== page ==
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A Texas Judge Has Blocked Obama's Immigration Action. Yes, It's Political.


Late on Monday, a federal judge in Texas granted a temporary injunction in Texas v. United States, a case brought by 26 states challenging President Barack Obama’s recent executive actions on immigration. The order by U.S. District Judge Andrew Hanen, a George W. Bush appointee, has nationwide reach and effectively blocks the implementation of the most important aspects of the new immigration policy, including an expansion—scheduled to begin on Wednesday—of a 2012 directive granting relief from deportation to undocumented students who were brought to the United States as children.

In his 123-page opinion accompanying the order, Hanen did not render the new policies unconstitutional—that’s a question reserved for a later trial—but explained at length the legal reasoning justifying a halt to the new Deferred Action for Parents of Americans and Lawful Permanent Residents, or DAPA. Chiefly, Hanen found that the states had “standing” to oppose the measures announced by the president—that is, they could claim their sovereign interests will be harmed if DAPA moves forward—and that they were likely to succeed on their claim that the immigration policies were illegally implemented. Somewhat unexpectedly, he anchored this latter point on the Administrative Procedure Act, an important statute governing federal agencies' discretion to interpret existing law. Here, Hanen found that the Department of Homeland Security violated longstanding procedural devices aimed at giving “notice” to the public of agency action, and that the government could point to no law granting it authority to do so.

Seemingly wary of the political implications of his ruling, Hanen also cautioned in his decision that “this case does not involve the wisdom, or the lack thereof, underlying the decision ... to award legal presence status to over four million illegal aliens.” But that in itself is politically charged language. Hanen repeats that “legal presence” line several times—which is likely to be a point of contention because the president’s immigration order does not grant legal status to undocumented immigrants. It is only a reprieve from deportation with the attendant benefit of work authorization; both permanent residency and a path to citizenship are off the table. Relying on dubious precedent, Hanen gives more credence to the argument that immigration laws are designed to “protect the states” and sides with them in finding that the federal government exceeded its authority.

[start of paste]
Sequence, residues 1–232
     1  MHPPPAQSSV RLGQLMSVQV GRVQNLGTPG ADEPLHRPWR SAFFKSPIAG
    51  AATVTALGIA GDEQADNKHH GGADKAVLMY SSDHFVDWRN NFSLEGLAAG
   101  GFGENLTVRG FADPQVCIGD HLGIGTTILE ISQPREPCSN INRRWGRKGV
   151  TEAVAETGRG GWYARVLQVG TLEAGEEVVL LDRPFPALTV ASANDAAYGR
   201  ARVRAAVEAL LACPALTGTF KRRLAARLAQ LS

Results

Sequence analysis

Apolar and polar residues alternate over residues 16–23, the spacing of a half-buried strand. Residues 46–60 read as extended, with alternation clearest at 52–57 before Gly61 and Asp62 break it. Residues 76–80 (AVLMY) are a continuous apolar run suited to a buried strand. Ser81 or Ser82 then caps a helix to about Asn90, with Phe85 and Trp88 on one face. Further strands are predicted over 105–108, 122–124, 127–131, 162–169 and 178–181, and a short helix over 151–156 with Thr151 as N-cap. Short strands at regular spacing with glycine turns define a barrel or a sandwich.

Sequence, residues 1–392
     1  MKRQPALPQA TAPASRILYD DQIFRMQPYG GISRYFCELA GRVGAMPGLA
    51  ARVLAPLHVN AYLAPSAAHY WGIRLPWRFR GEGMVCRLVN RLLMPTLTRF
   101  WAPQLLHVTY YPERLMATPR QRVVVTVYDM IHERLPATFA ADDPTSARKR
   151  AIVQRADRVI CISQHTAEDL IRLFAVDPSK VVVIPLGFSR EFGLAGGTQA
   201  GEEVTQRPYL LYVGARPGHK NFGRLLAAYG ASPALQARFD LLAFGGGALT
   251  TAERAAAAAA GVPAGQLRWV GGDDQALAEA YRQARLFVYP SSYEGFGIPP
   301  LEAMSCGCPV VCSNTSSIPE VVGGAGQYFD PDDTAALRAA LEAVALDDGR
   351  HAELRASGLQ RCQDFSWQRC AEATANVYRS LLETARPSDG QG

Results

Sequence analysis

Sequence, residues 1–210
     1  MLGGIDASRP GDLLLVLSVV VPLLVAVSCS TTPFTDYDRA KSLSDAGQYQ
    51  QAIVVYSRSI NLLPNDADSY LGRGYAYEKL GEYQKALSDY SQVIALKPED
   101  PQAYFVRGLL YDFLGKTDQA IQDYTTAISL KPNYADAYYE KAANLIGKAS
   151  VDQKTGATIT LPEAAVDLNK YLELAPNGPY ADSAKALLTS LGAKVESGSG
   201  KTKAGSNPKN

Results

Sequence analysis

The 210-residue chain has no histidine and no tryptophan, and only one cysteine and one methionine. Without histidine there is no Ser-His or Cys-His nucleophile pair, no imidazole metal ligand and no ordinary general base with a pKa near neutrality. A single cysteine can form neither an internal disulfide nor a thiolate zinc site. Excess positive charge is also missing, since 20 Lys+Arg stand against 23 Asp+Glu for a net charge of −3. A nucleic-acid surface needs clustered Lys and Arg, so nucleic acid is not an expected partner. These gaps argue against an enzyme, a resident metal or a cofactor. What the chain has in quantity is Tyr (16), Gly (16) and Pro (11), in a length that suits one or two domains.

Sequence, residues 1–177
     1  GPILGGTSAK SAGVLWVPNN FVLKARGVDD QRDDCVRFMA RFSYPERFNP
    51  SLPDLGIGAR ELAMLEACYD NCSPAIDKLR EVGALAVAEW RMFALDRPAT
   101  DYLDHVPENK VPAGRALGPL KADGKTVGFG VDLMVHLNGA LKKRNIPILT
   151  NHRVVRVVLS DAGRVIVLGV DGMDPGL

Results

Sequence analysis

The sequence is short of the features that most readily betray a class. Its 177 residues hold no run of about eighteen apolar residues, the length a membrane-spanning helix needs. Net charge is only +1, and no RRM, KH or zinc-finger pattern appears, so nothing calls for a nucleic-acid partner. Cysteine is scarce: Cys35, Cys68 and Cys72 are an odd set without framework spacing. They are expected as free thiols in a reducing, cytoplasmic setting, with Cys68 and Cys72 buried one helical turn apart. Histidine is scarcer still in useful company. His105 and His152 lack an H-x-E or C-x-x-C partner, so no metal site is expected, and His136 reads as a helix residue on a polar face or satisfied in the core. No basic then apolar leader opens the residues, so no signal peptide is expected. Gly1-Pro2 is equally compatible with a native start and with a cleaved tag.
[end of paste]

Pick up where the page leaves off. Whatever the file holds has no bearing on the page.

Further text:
But one thing Hanen can’t and won’t do is order DHS to start deporting people. That means that his view that the president’s immigration order “unilaterally allows individuals removable by law to legally remain in the United States” is specious: It misapprehends the government’s ability to marshal its limited resources with respect to deportations. Hanen concedes that “DHS has virtually unlimited discretion when prioritizing enforcement objectives,” but brushes that aside and ultimately agrees with the notion that “DAPA is simply the Executive Branch legislating.”

The sheer breadth of Hanen’s order and its questionable reasoning guarantee that the case will move swiftly through the appellate process, potentially reaching the Supreme Court in a matter of weeks. “The district court’s decision wrongly prevents these lawful, commonsense policies from taking effect, and the Department of Justice has indicated that it will appeal that decision,” the White House said in a statement. Meanwhile, immigration activists called for calm while the court ruling moves through the appeals process, but also criticized it for being “clearly based more on politics than law,” according to a statement from DRM Action Coalition. United We Dream, a group that represents DREAMers and pushed hard for executive action, called the decision “a bump in the road.”  

The next stop for the litigation is the U.S. Court of Appeals for the Fifth Circuit, which covers Texas and is known as one of the more conservative federal appellate courts in the country. But the case will inevitably end up at the Supreme Court, which in recent months has stopped or let stand similarly controversial orders in areas such as same-sex marriage, voting rights, and abortion. Here, though, the political salience of immigration is more pronounced, given all the tug-of-war between Congress and the president on the matter, plus the fact that a majority of the states are the ones bringing suit. Since the justices’ deference to states’ rights is no secret, it wouldn't be a shock if they agree that DAPA should be stopped in its tracks.